San Francisco knows how to not waste an opportunity. In case you missed the news, the Golden Gate city recently surpassed it’s goal of diverting 75 percent of its trash from the landfill by 2010. It’s already at 77 percent trash diversion by the city’s last estimation.
The side of a Recology truck makes the point that "Recycling changes everything." In San Francisco, it has dramatically changed how much trash goes to waste. (Photo: Recology)
That very likely makes San Francisco the continuing leader among U.S. cities for trash diversion. San Jose, Fresno, Long Beach, New York City and Portland are close behind. According to an independent ranking, those cities were all diverting at least 60 percent of their waste in late 2007. San Francisco led the pack back then at 67 percent diversion.
Fresno, CA (KFSN) — Getting rid of your old computers and electronics doesn’t have to cost you. Today the Fresno Fairgrounds hosted their monthly e-waste disposal where people come by and drop off their unwanted electronics such as television monitors, computers, and copy machines. >> Read the full story
Fresno, Calif. (KFSN) — A domestic automaker is adding jobs here in California, but it’s not a name you might expect. Tesla Motors builds high-end electric sports cars. Now the company said they’re expanding and planning a big move to Palo Alto. As a result, the company said it needs to hire hundreds of new workers to help design and build power train components. >> Read the full story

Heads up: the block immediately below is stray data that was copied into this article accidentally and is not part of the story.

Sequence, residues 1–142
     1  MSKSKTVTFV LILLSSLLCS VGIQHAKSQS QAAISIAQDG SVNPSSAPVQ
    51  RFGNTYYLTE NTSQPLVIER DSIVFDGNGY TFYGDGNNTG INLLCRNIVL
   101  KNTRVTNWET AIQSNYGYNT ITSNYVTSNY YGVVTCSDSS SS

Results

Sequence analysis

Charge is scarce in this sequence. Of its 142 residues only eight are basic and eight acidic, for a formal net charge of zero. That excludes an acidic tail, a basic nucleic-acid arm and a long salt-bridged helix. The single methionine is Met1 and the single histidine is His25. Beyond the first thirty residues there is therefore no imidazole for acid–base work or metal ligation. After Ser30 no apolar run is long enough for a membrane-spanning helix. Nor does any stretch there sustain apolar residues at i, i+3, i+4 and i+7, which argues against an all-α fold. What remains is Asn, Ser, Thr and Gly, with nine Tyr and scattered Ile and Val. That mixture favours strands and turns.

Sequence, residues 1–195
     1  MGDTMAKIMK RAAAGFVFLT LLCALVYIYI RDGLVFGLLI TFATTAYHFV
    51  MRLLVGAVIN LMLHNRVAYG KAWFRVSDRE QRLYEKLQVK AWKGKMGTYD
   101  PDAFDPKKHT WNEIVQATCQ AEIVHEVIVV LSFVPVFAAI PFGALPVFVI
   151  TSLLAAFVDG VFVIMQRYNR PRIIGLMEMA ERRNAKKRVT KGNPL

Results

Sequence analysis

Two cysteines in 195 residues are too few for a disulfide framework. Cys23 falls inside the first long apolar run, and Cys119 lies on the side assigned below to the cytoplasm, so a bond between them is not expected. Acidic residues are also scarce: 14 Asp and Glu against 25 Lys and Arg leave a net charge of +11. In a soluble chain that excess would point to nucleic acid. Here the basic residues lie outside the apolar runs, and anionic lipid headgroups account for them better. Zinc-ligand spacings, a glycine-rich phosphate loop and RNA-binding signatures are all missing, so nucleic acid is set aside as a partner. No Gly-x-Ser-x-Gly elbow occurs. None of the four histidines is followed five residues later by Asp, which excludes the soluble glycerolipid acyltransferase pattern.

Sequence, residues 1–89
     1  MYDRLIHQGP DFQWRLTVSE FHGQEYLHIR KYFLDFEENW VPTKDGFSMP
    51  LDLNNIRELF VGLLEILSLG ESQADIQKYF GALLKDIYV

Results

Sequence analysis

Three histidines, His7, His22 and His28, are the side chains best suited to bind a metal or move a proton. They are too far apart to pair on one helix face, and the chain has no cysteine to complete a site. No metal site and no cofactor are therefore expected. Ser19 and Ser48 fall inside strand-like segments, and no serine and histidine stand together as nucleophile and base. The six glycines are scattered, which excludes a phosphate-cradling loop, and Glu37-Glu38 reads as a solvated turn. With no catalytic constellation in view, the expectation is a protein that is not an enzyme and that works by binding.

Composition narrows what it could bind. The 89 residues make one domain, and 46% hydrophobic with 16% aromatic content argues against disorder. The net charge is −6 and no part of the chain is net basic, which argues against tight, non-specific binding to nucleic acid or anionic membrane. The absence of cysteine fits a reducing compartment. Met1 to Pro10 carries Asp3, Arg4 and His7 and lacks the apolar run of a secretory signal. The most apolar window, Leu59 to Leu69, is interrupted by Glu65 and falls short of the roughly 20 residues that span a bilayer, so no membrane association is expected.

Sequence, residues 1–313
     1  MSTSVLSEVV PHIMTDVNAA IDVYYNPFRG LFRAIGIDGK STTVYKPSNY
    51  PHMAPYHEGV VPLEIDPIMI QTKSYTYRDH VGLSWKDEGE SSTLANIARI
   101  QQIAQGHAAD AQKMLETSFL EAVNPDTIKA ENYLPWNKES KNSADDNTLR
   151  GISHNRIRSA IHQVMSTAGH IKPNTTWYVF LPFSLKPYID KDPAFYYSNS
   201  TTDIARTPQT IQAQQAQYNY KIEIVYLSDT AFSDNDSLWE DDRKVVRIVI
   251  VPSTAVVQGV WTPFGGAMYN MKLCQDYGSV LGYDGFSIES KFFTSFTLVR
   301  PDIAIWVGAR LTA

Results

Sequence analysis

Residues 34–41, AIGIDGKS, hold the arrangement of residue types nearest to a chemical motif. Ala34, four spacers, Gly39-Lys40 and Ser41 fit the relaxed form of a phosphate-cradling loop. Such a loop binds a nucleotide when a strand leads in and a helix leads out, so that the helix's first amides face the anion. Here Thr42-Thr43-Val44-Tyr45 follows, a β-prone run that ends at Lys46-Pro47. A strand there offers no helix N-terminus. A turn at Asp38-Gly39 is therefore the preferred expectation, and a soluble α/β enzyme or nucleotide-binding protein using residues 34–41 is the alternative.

The USDA’s Natural Resources Conservation Service says it will add to California’s air quality resources. With the grant, California has received a total of $20.9 million from NRCS to help farmers and ranchers reduce air quality emissions from off-road mobile or stationary agricultural sources.
The primary goal of this new portion of the Environmental Quality Incentives Program is to help farmers and ranchers attain the standards set by the National Ambient Air Quality Standards. Producers in the 36 California counties that are currently not in compliance with one or more of these standards are eligible for the program.
“These funds should help California producers comply with local and state regulations,” Dave White, chief of the USDA’s Natural Resources Conservation Service, said in a statement. “We believe agriculture can be on the leading edge of setting a cleaner, greener example for protecting the air we all breathe. We’re doing what we can to help in that pursuit — technically and financially.”
White was named chief of NRCS in March. With approximately 12,000 employees and an annual budget in excess of $3 billion, NRCS is the nation’s leading agency in conserving natural resources on private lands.